Hawaii Lava Tours Going with the Flow
Photos courtesy of KapohoKine Adventures
As one of Hawaii’s top visitor attractions, Hawaii Volcanoes National Park (HAVO) has long amazed with its stark lava landscapes, steam vents, lava tubes and fiery outbursts courtesy of Hawaiian Fire Goddess “Madame Pele.” Kilauea Volcano continues to put on quite a show for park visitors eager to see a volcanic eruption – just as it did 100 years ago when the National Park Service (NPS) was created and the Hawaii Island marvel earned its NPS designation.
On Aug. 1, visitors were treated to a centennial celebration that offered free admission, Hawaiian music and lei making, plus presentations highlighting park efforts to save honuea (Hawaiian hawksbill turtle) and endangered nene (Hawaiian goose).
At Kilauea Volcano’s 4,000-foot summit, a lava lake within Halemaumau Crater continues to rise, spatter, deflate and degas. During the day, visitors can view a plume of steam, gas and particles billowing upwards. At night, the view takes an eerie turn as the lake casts a stunning glow.
“It is amazing that in 1916, the year the park was established, we had two eruptions,” said Park Superintendent Cindy Orlando. “Mauna Loa erupted during May and sent lava towards Kahuku, and Halemaumau fountained and spattered. Fast-forward 100 years and Kilauea erupts from two locations. What an auspicious way to commemorate our centennial anniversary.”
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Within HAVO, the most accessible vantage point for viewing the current eruptive activity is from a distance at the end of Chain of Craters Road. The Coastal Ranger Station (CRS) encourages visitors to stop in and chat with park rangers, view hiking tips and eruption exhibits, watch a brief lava safety video and utilize a public spotting scope to ogle the eruptive activity safely from a distance.
While hiking to the flow from CRS is allowed, it’s a hot and grueling 10-12-mile round trip challenge. For hiking recommendations and eruption updates, visit the park’s website.
Guided Lava Expeditions
As is always the case with Madame Pele, active red flowing lava cannot be guaranteed. Armed with eruption updates, operators have an edge on the action when leading excursions across solidified fields of a'a (jagged) and pahoehoe (smooth) lava searching for outbreaks and skylights.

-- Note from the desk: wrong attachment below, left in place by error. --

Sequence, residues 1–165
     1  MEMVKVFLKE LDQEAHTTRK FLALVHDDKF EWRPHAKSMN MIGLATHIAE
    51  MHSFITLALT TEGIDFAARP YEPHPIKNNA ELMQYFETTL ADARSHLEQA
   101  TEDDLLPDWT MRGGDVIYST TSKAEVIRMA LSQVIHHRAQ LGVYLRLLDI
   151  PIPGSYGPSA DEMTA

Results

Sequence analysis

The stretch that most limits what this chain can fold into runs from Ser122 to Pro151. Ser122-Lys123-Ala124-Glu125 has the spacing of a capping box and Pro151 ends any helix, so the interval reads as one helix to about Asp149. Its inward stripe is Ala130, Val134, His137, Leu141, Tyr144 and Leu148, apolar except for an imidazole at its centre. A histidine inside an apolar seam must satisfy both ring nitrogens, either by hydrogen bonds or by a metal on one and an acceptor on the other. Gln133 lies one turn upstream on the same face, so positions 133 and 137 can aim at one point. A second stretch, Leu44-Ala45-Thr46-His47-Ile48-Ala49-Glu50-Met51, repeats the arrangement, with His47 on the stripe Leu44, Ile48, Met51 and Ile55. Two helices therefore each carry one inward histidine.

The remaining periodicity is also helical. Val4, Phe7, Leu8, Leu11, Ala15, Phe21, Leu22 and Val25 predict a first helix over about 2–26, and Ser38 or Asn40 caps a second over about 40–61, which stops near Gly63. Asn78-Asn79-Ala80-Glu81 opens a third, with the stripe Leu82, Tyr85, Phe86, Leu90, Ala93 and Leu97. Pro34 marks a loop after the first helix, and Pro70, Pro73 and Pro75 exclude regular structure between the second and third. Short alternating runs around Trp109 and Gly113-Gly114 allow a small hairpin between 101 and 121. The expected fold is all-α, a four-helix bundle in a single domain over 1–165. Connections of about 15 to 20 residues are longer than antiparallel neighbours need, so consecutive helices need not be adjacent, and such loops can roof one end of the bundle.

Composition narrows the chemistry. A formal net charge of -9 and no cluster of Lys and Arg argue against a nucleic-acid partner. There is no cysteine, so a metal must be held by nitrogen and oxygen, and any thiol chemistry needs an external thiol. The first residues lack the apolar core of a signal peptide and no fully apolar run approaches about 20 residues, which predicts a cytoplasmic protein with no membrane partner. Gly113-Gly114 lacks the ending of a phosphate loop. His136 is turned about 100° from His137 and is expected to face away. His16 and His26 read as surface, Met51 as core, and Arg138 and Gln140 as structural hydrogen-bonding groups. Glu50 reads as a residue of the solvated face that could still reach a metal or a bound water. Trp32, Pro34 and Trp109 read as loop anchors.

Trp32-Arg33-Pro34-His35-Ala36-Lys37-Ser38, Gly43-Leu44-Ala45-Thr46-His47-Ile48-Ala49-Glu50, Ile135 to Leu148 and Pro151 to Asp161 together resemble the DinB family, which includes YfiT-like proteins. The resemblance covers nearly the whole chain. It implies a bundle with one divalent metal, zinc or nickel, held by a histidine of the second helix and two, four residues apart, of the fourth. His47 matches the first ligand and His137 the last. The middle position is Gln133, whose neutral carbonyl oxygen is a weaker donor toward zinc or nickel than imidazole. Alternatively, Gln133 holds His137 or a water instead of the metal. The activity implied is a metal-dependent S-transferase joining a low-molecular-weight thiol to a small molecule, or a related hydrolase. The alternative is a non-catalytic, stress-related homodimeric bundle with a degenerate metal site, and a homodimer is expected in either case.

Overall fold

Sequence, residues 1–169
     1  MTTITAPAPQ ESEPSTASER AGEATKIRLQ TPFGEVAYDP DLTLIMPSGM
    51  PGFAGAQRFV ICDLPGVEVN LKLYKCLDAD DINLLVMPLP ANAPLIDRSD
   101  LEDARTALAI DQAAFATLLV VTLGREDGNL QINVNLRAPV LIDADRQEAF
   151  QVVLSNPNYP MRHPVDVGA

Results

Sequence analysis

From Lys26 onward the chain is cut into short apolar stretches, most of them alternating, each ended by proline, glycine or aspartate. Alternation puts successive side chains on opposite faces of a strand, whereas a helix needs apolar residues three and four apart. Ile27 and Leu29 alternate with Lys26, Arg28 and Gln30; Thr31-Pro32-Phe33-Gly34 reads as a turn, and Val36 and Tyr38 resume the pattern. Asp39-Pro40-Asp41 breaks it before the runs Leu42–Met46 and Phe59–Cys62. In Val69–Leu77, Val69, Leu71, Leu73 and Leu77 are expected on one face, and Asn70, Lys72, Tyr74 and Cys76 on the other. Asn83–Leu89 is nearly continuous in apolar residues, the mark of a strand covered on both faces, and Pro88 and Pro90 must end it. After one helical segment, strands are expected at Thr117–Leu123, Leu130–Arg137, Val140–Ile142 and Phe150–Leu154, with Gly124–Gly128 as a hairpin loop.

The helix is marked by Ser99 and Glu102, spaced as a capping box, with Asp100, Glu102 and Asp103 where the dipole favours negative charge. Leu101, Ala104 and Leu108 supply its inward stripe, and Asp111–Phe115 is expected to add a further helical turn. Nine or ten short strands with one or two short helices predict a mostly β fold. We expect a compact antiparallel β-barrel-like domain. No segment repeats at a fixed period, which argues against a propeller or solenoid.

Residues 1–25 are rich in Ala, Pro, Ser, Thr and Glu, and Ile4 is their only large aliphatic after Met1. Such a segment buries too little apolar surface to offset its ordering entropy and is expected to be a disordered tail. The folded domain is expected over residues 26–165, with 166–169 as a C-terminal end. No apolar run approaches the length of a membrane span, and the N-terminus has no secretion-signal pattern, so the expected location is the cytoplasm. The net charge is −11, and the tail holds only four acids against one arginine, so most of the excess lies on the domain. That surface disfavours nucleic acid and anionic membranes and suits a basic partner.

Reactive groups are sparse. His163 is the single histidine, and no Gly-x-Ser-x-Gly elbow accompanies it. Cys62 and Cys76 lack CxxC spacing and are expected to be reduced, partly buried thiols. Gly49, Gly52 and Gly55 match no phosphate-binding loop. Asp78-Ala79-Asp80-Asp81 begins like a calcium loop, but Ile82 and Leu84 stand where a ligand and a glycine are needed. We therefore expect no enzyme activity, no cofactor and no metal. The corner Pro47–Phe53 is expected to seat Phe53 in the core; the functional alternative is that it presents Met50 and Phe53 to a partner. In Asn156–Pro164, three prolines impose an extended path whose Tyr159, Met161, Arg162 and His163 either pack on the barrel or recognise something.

KapohoKine Adventures has relaunched its “Lava Expedition" that travels as close as possible to flow sites so hikers can set off to spot the most recent surface outbreaks surface flows while listening for the hiss and crackle of escaping gasses and liquid rock that accompany the lava’s slow crawl to the Pacific. Treks are priced from $129 per person from Hilo and $209 from Kona/Waikoloa.
For those up to the challenge, Hawaii Forest & Trail has revived its "Kilauea Lava Hike!" Professional guides will lead the way across six-plus miles of rugged lava scape. After the 3.5-hour hike, hikers refuel with a local-style dinner in Hilo. Since HF&T rates the hike as difficult, your clients should prepare to hike on rocky, uneven terrain. The outing is priced at $192 per person.
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Hawaii Outdoor Guides leads briskly paced guided journeys so hikers can hear, see and feel the heat. Departing Kona and Waikoloa, tours are priced at $179.
Bike Volcano adds in pedal power with a summit-to-sea adventure via an ocean side bicycle ride along a HAVO gravel emergency access road. Guides then lead trekkers on a short hike to witness earth's newest land. Afterwards, guests explore HAVO’s Nahuku (Thurston Lava Tube) and gaze at Kilauea Volcano's erupting summit crater Halemaumau. Depending on the length selected, tours range from $110-150.
For a different perspective, Lava Ocean Tours provides a two-hour boat adventure that travels within feet of lava as it streams into the ocean. If you are prone to seasickness, this probably isn’t your best option. Those who are fine are amply rewarded as they marvel at molten lava creating new “real estate.” The company offers four daily two-hour tours, with the sunrise and the sunset outings being the most popular. Pricing is from $145 per person.
More by Dawna L. Robertson
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